SSA to open offices to the public as agency staffing issues continue

Amid a struggle to hire more employees at the Social Security Administration, agency workers are ramping up to provide in-person services at local offices. That will start on April 7, just about a week after many of those workers returned to the office themselves on March 30.

Along with hiring issues, the agency faces problems with its phone system for customers. That could place additional strain on current employees when the agency starts in-person services,...

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Amid a struggle to hire more employees at the Social Security Administration, agency workers are ramping up to provide in-person services at local offices. That will start on April 7, just about a week after many of those workers returned to the office themselves on March 30.

Along with hiring issues, the agency faces problems with its phone system for customers. That could place additional strain on current employees when the agency starts in-person services, representatives from the American Federation of Government Employees said.

“We have been transparent with our employees and the public about telephone problems, which we are working hard to resolve,” SSA said in an email to Federal News Network.

Inadequate funding under the fiscal 2022 budget exacerbates the hiring and retention challenges, SSA added.

The appropriations are “not sufficient to provide the level of service the public requires, as our funding has remained relatively flat for the previous four years,” SSA said. “The 2022 enacted level is nearly $850 million short of the president’s fiscal 2022 budget.”

The agency said the flat budget contributes to staffing challenges that delay results at the customer end.

“It will require us to delay needed hires, including teleservice center staff and information technology improvements,” SSA said. “We will have less overtime available to help address increased demand from people returning to our offices for in-person service.”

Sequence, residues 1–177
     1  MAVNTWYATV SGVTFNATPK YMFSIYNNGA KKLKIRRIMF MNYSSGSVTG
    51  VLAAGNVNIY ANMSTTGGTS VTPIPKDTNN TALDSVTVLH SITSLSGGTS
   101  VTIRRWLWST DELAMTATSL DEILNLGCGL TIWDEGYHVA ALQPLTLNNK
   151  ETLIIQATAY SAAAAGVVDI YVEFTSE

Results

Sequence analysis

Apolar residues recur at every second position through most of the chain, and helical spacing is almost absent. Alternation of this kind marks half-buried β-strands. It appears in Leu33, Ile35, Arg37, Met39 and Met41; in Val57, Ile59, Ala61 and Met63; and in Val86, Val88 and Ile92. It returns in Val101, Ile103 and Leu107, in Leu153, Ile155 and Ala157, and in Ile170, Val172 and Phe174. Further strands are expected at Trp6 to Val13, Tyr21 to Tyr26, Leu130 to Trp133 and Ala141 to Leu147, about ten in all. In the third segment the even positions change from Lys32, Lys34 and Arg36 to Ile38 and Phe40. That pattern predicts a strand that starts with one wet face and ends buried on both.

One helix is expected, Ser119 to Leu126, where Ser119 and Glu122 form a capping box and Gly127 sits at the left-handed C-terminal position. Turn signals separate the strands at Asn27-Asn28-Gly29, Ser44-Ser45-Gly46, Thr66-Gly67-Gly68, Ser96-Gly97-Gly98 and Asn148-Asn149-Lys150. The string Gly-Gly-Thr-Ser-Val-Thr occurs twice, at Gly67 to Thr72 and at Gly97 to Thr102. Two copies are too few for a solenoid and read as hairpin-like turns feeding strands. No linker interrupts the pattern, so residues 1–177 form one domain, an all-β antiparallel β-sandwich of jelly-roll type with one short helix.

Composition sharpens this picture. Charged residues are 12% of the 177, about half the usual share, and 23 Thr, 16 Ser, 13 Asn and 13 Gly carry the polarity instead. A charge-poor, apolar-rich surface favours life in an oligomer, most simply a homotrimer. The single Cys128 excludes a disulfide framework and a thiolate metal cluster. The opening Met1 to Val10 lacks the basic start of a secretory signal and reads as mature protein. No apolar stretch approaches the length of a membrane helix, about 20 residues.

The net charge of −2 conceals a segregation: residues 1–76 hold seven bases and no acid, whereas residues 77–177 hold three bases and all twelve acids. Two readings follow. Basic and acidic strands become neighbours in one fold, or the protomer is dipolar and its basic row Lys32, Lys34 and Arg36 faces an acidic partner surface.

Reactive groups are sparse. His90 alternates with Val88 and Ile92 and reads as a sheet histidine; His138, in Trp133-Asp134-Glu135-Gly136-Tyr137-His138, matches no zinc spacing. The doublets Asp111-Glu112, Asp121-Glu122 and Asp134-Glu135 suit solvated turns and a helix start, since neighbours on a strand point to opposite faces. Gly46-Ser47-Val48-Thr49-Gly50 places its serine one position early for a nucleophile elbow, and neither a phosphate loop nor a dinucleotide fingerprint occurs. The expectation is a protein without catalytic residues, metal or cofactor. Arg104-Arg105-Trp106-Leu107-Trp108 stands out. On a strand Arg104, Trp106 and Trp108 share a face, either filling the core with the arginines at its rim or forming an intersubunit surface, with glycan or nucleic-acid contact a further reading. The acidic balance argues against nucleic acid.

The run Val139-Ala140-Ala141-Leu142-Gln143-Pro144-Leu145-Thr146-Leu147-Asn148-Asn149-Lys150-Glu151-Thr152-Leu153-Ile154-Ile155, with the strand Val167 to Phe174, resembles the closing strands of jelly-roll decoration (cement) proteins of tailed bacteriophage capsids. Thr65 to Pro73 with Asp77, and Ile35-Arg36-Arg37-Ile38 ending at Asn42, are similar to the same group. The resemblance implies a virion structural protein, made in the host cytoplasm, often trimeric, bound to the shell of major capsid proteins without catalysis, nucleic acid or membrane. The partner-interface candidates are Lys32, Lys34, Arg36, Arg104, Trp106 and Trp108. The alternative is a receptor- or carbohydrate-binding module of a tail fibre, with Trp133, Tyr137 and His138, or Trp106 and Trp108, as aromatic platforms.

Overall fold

The agency announced in a blog post on April 4 that it will open its doors to the public on April 7. SSA employees returned to the office last week after the agency reached an agreement with its three unions in January about return-to-office plans.

With reentry plans underway, representatives from AFGE said they’re concerned that SSA did not implement some of the union’s recommendations about how to move forward with employee telework options.

Angela Digeronimo, regional vice president for AFGE Council 220, told Federal News Network that recruitment and retention challenges for the agency are not new. In part to help alleviate those issues, AFGE recommended maximizing telework. But, AFGE said that the agency implemented a more limited telework policy.

“We are severely understaffed and we don’t have enough people to actually do the work. And this hasn’t just been happening now. This has been happening for over a decade, where now we are in crisis mode as far as staffing is concerned. But by leveraging telework, you would be able to increase your staff and not have to increase your brick-and-mortar space,” she said.

Regarding current SSA workers, the agency said employee reentry last week went smoothly.

“We provided our employees with ample notice of the re-entry date and a week to acclimate before welcoming the public back on April 7,” SSA said.

But reopening offices to the public could put additional pressure on SSA to deliver to customers, AFGE said.

To ease some of the strain, the union recommended only allowing scheduled appointments in person. Ralph de Juliis, president of AFGE Council 220, which represents about 27,000 SSA field office and teleservice center employees, said that the agency rejected AFGE’s recommendation to keep services to appointment-only, and will allow walk-ins as well.

Digeronimo added that the agency’s decision to include walk-ins in reopening plans will worsen recruitment and retention problems.